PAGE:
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Contents 5.BOLAAMPHIPHILE-BASED VECTORS................................ 555.1General Introduction................................................................. 555.2........................................... 58Self-Assembly of Bolaamphiphiles 5.3Effect of Hydrophobic Spacer Chain Length and Headgroup…….... ................................................................................ 605.4Bolas as Gene Delivery Vectors................................................ 626.IDEAL VECTOR ..................................................................... 64MATERIALS AND METHODS ........................................... 651.Synthesis of Bolaamphiphiles ............................................. 661.1First Generation Bolas .............................................................. 661.2Second Generation Bolas .......................................................... 761.3Third Generation Bolas ............................................................ 811.4Synthesis of Some Intermediates.............................................. 922.95Fluorescent Probes............................................................... 2.1..................................................................... 95Ethidium Bromide 2.2 1,8-ANS ...................................................................................... 962.396YOYO-1 ...................................................................................... 3.Plasmids ................................................................................ 973.1Amplification and Purification................................................. 973.2Determination of the Plasmid Concentration ......................... 984.98Preparation of Vector/DNA complexes ............................... 4.1DNA Complexes with Bolas (bolaplexes) ................................ 984.2DNA Complexes with Bola:DOPE (1:1) .................................. 994.3DNA Complex with jetPEI ....................................................... 995.100Physical Measurements ..................................................... 5.1........................................................ 100Absorption Spectroscopy 5.2Steady-State Fluorescence Spectroscopy............................... 1005.3Dynamic Light Scattering Measurements............................. 1015.4Zeta Potential Measurements ................................................. 1035.5Confocal Laser Scanning Microscopy ................................... 1055.6Atomic Force Microscopy (AFM) .......................................... 1056.............................................. 106Agarose Gel Electrophoresis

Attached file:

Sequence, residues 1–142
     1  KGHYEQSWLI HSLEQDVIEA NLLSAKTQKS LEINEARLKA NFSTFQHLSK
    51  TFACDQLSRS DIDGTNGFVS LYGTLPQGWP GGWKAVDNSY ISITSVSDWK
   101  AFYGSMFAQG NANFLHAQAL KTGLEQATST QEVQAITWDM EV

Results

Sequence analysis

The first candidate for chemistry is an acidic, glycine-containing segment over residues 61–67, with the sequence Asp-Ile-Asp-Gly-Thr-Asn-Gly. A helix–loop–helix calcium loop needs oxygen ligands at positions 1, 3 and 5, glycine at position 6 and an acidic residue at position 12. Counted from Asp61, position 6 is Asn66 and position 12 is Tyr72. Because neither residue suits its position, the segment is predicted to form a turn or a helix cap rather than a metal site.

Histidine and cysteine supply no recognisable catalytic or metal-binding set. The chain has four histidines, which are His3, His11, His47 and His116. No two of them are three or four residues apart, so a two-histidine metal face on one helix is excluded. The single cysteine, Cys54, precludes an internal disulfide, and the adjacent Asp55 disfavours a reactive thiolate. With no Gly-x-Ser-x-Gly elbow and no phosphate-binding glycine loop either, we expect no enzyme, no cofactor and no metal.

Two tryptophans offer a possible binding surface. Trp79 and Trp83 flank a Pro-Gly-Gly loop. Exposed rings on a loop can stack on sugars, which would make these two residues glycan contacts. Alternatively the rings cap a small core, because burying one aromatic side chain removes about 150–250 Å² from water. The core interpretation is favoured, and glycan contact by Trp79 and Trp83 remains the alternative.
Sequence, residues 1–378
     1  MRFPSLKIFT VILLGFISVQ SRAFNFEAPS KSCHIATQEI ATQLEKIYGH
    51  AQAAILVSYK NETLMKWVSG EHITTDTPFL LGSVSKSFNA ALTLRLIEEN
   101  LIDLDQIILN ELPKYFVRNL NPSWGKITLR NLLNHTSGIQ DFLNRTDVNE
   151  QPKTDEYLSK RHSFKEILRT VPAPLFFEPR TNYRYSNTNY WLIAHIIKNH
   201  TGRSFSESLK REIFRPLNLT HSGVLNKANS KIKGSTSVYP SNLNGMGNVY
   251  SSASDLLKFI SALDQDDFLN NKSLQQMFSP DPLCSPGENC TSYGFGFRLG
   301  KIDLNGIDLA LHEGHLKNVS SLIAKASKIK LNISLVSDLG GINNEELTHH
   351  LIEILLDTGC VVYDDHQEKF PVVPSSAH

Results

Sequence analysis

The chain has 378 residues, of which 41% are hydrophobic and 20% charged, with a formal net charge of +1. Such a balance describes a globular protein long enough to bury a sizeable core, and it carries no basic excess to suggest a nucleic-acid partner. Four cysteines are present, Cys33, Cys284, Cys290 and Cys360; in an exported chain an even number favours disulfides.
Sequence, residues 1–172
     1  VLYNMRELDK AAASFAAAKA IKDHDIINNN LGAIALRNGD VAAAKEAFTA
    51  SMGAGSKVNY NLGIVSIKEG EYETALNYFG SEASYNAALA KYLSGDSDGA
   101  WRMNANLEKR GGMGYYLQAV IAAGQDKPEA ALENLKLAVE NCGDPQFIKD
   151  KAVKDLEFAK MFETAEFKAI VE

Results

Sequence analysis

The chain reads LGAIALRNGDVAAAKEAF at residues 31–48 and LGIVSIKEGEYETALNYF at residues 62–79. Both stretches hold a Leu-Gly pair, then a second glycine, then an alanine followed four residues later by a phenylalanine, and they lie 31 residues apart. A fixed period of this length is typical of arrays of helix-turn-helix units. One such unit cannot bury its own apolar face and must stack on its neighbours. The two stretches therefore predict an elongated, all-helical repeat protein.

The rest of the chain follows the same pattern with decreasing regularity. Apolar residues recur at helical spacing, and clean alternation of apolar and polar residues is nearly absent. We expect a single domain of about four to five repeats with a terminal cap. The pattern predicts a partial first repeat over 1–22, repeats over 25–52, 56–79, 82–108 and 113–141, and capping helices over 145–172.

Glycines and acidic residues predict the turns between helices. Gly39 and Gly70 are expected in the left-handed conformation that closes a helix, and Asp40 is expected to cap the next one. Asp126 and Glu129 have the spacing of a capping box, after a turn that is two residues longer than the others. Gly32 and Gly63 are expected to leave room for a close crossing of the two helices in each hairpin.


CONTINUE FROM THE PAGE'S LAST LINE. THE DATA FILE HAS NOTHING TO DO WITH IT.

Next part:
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Contents 7.Cell Culture and Transfection ............................................ 1077.1General Conditions and Cell Lines ........................................ 1077.2Luciferase Assay ...................................................................... 1087.3Protein Assay............................................................................ 1097.4MTT Assay (Cell Viability)..................................................... 110RESEARCH AIM .............................................................. 111RESULTS AND DISCUSSION ......................................... 1141.First Generation Bolas: bearing mono-cationic and sugar headgroups ................................................................................ 1152.Second Generation Bolas: bearing di-cationic and sugar headgroups ................................................................................ 1273.Third Generation Bolas: bearing di-cationic & sugar/PEG headgroups and varied hydrophobic spacer.......................... 1343.1Bolas with Gluconic Headgroup............................................. 140New unsymmetrical bolaamphiphiles: synthesis, assembly with DNA and application for gene delivery (Publication 1) ............................1433.2............................................. 153Bolas with Lactonic Headgroup Lactose-ornithine bolaamphiphiles for efficient gene delivery in vitro (Publication 2)…… ..........................................................................1463.3Bolas with PEG Headgroup.................................................... 149GENERAL CONCLUSIONS AND FUTURE PROSPECTIVES .............................................................. 149REFERENCES.................................................................. 158APPENDIX ........................................................................ 160Excited-State Intramolecular Proton Transfer Distinguishes Microenvironments in Single-And Double-Stranded DNA (Publication 3)........................................................................................ 162Virus-sized DNA nanoparticles for gene delivery based on micelles of cationic calixarenes (Publication 4) ..................................................... 184